With an allocation in place, an importer wishing to utilize the programs should then check, either with an exporter, a commercial bank or through the USDA directly, as to whether the allocation is operable. A late payment of a previous export credit guarantee commitment may temporarily suspend the current allocation. While many of the importers working with GSM-102/GSM-103 are actually government branches or trade entities, the importing country’s private sector can participate under the program, and interested parties should check with their own government for any restrictions, as the credits are repaid in U.S. dollars, which creates a foreign exchange obligation.

USDA encourages the participation of private sector importers in these programs. However, in many instances, USDA will not make allocations to a country unless the central bank of that country makes assurances that the U.S. dollar obligation will be covered in the form of a Credit Guarantee Assurance (CGA). A CGA is an agreement which stipulates that if a foreign bank defaults on its payments under the GSM programs, the government of the foreign country guarantees to repay the obligation to the U.S. government. If a CGA is agreed to by a foreign government, it is then up to that government to decide how it will allocate the use of the credits among eligible importers in that particular country.

In other instances, USDA may not require a CGA. In these cases, individual foreign banks are analyzed and specific credit limits are set for each bank. Foreign importers can then negotiate directly with these approved banks or other banks within that country that have commercial relationships with the approved bank or banks for access to the GSM credit guarantees.

Assuming the credit is operable, the exporter and importer negotiate the original grain contract and the exporter’s price includes the cost of the export credit guarantee fee called the premium. The original grain contract must call for payment under an irrevocable letter of credit. In addition, the credit guarantee will usually only cover the port value (FOB portion) of the transaction. A Cost and Freight (CNF) contract utilizing GSM-102/GSM-103 for the commodity will need to provide for two different payment terms, one for the FOB value of the commodity and one for the ocean freight. The premium schedule for the guarantee fee is based on the length of time the credit is needed and based on the interest rates for U.S. government debt obligations. The premium is equivalent to approximately one-third of 1 percent per year on the outstanding coverage for GSM-102. The premiums are higher for GSM-103 due to the longer credit periods. The GSM-102 premium is calculated based on a minimum of three months of coverage.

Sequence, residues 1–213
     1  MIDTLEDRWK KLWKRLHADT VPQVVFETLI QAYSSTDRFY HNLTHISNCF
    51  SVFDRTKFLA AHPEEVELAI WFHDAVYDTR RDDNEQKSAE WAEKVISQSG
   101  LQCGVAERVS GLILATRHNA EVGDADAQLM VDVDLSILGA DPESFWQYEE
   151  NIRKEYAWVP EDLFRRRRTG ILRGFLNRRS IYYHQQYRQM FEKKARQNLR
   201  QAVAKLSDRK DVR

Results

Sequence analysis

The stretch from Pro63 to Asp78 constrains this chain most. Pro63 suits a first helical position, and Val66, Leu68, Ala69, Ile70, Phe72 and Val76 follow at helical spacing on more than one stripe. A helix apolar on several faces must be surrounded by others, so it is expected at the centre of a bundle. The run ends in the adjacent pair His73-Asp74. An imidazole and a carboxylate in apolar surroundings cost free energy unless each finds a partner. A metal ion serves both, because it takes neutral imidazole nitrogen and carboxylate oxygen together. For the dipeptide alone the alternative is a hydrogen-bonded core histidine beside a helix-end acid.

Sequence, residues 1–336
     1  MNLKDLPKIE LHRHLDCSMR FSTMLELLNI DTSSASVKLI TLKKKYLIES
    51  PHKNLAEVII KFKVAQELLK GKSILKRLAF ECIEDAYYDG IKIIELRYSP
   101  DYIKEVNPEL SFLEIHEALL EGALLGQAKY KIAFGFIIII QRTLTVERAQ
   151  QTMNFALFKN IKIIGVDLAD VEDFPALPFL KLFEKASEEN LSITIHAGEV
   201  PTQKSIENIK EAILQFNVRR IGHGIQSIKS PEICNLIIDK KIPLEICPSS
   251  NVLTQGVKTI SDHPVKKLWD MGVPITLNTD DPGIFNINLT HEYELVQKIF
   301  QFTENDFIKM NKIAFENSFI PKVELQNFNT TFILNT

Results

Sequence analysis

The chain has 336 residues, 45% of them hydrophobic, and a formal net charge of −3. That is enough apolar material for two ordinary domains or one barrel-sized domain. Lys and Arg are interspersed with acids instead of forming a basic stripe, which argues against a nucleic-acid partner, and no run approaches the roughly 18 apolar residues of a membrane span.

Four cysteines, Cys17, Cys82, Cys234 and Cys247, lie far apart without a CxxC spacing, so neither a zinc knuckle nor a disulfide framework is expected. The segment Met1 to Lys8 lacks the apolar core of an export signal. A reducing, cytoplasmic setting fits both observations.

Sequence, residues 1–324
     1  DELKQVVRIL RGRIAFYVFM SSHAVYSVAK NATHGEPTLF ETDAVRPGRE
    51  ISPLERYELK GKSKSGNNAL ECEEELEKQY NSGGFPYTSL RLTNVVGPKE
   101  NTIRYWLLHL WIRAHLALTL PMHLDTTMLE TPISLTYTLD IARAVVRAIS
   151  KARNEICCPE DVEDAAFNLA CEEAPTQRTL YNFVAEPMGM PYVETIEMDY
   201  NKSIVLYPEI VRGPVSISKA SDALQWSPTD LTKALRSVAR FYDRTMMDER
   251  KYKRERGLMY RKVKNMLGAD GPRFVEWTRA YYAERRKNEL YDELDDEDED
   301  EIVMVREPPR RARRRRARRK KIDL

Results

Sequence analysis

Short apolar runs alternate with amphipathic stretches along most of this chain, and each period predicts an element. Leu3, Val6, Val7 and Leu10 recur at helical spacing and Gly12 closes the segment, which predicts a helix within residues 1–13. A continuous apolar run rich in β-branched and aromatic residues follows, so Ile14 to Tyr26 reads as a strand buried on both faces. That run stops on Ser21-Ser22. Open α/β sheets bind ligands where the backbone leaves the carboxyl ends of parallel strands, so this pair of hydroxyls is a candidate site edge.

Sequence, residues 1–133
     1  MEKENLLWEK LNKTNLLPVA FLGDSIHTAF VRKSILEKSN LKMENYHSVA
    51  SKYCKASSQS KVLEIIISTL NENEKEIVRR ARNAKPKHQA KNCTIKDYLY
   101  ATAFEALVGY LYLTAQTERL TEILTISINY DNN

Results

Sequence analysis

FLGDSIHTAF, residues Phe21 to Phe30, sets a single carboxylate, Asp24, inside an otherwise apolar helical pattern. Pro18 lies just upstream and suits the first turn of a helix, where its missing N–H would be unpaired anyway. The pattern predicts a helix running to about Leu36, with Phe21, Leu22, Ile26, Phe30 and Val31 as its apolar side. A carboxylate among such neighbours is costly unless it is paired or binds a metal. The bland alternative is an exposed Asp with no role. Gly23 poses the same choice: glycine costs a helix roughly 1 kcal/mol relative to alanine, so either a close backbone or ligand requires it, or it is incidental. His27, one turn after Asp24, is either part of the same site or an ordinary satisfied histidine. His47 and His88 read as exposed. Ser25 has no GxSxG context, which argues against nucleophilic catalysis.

With a contract negotiated, the exporter will register the sale and submit the guarantee fee to the Commodity Credit Corporation (CCC). The CCC will evaluate the exporter’s application and upon approval, will send the exporter a payment guarantee letter. The exporter usually then assigns the payment guarantee letter to a U.S. financial institution, almost always a U.S. commercial bank. By assigning the guarantee to a bank, the exporter reduces payment risk to the same level as an irrevocable letter of credit payable at sight, and CCC accepts the credit risk of the eligible foreign bank. A U.S. commercial bank – if not the issuing bank – provides the importer’s U.S. Grains Council – Importer Manual, Chapter 7 121 issuing bank and the importer credit for the amount not covered by the export guarantee, which is usually 2 percent. The exporter receives payment for the grain upon shipment of the commodity and presentation of the required documentation, and the U.S. commercial bank receives payment from the importer’s local bank (or often the central bank) according to an agreed upon schedule, secure in the knowledge the U.S. government has assumed the great majority of the repayment risk.